As you’re probably aware this is meant to be a blog all about property auctions and the associated pre-auction and post auction topics like market conditions and property renovation that accompany them. So this article is a bit off topic but still has a property related theme that being the propertyauctionaction.co.uk L200 Series 5 truck, a workhorse used by many property professionals!
The real reason I’m writing it is if it helps one person then that’s got to be a good result. I had a puncture in one of the tyres and removing the wheel was a bit like a challenge from the Krypton factor.
Now I’ve run Mitsubishi L200’s for 14 years and touch wood never had to do a roadside wheel-change, roll-on airless tyres! There are glimmers of hope with companies like Michelin, Goodyear, Hankook and Continental all supposedly working on something like a rubber coated honeycomb mesh structure that doesn’t get a puncture but for now we’ll have to put up with fixing flats!
In the case of my Mitsi getting the wheel off was a doddle but sussing out how to get the spare tyre out from underneath the vehicle well that was a different kettle of fish all together. I wouldn’t want to be stuck by the side of a rainy B road in the middle of the night trying to work out how to get the spare wheel out from its hidey hole.
After much head scratching I resorted to a bit of RTFM which revealed the reason the bottle jack handle is so long (about 3 feet) is because it has to be passed through a hole in the bodywork underneath the tail gate in order to mate with the winch mechanism that drops the spare wheel down from its stowed position.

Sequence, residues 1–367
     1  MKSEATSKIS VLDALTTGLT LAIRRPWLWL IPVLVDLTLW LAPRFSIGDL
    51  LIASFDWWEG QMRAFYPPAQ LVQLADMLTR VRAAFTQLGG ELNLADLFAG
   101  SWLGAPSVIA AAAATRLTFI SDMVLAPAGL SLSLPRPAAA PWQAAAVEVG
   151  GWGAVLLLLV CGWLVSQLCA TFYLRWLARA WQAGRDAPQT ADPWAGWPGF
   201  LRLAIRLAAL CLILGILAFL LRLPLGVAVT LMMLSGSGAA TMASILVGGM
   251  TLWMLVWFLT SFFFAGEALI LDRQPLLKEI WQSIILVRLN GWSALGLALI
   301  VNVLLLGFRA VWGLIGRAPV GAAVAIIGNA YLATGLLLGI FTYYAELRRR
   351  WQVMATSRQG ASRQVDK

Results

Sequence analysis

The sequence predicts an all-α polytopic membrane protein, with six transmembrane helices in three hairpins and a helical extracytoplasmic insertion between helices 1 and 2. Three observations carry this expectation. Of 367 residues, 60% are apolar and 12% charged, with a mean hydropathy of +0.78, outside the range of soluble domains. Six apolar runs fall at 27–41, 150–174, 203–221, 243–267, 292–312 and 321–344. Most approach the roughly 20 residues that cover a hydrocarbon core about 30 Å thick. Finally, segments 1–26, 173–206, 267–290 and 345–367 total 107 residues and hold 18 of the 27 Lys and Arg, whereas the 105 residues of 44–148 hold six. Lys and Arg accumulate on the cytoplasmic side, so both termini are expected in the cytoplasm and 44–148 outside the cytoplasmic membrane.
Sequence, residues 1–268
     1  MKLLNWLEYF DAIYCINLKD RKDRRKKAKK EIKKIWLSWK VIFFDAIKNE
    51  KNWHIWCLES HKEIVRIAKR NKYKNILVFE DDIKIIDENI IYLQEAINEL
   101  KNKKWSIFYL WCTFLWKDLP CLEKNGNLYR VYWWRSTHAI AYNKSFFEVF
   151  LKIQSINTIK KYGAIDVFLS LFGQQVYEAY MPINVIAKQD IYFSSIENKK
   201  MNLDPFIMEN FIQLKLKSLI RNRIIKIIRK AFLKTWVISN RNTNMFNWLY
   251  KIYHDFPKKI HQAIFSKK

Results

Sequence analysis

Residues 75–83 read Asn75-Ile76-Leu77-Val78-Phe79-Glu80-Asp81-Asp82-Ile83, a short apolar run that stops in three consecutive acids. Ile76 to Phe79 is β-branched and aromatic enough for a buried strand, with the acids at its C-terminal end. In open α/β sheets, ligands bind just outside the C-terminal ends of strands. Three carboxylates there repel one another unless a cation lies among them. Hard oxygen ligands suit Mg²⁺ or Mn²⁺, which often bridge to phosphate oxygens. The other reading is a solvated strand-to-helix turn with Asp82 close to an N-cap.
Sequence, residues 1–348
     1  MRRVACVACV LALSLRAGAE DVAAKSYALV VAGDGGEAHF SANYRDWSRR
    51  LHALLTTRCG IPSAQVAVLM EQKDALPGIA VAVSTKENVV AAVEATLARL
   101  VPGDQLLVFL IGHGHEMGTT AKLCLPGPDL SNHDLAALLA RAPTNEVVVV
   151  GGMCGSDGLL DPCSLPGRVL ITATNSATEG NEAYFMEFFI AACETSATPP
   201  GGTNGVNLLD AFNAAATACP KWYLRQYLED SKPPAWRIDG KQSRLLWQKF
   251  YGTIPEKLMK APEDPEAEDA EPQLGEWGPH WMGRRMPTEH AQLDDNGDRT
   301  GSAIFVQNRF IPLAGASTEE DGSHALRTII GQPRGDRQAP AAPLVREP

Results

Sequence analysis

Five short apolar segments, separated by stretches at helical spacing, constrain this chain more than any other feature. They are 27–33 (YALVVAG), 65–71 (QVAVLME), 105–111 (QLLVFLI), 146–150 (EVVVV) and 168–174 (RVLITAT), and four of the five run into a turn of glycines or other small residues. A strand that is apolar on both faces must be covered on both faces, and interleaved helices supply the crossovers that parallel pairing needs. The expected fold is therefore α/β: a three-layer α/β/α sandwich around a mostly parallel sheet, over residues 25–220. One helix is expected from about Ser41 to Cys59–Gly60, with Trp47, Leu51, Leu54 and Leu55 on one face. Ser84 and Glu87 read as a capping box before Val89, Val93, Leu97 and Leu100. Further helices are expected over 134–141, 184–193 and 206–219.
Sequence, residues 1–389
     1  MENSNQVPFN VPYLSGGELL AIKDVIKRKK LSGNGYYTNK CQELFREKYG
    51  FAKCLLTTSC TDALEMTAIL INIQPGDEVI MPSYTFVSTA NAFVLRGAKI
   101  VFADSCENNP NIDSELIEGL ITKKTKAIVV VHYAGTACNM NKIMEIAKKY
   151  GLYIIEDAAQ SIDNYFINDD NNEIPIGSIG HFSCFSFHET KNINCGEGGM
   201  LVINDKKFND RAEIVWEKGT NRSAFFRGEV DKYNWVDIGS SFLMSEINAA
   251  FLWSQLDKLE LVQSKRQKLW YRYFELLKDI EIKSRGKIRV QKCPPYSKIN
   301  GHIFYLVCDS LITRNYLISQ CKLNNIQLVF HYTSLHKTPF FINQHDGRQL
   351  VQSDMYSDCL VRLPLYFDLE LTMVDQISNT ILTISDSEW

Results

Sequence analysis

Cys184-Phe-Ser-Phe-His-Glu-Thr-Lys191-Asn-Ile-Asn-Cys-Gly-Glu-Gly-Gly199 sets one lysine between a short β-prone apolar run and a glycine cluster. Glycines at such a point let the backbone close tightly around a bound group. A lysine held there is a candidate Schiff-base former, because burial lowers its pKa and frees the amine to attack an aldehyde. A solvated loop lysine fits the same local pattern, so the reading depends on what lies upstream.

By locating the pins from the handle into the winch and turning it anticlockwise the wheel is lowered down onto the floor. The operation of the winch was surprisingly smooth in my case considering the amount of abuse it must take from the spray coming directly at it off the road.
Once on the floor I then had to lift one side of the wheel up on blocks to get enough slack in the chain, and here comes the tricky bit, in order to push the plate attached to the chain that holds the wheel in place through the centre cap hole.
With the spare wheel out I thew it back on the hub and did the wheel nuts up tightening them all up before dropping if off the jack and finishing them to 110nm and checking the tyre pressure was at 33psi.
When it comes to stowing the spare the tricky bit is getting the securing plate back through the centre cap hole. Like the removal it entailed lifting one side of the wheel up on blocks and then coaxing the plate back down through the hole.
Once the plate is completely through the hole it’s a matter of slowly turning the jack handle clockwise to raise the wheel back up again into its stowed position making sure its good and tight but not too tight, then stowing all the tools back in their position behind the back seat, job done!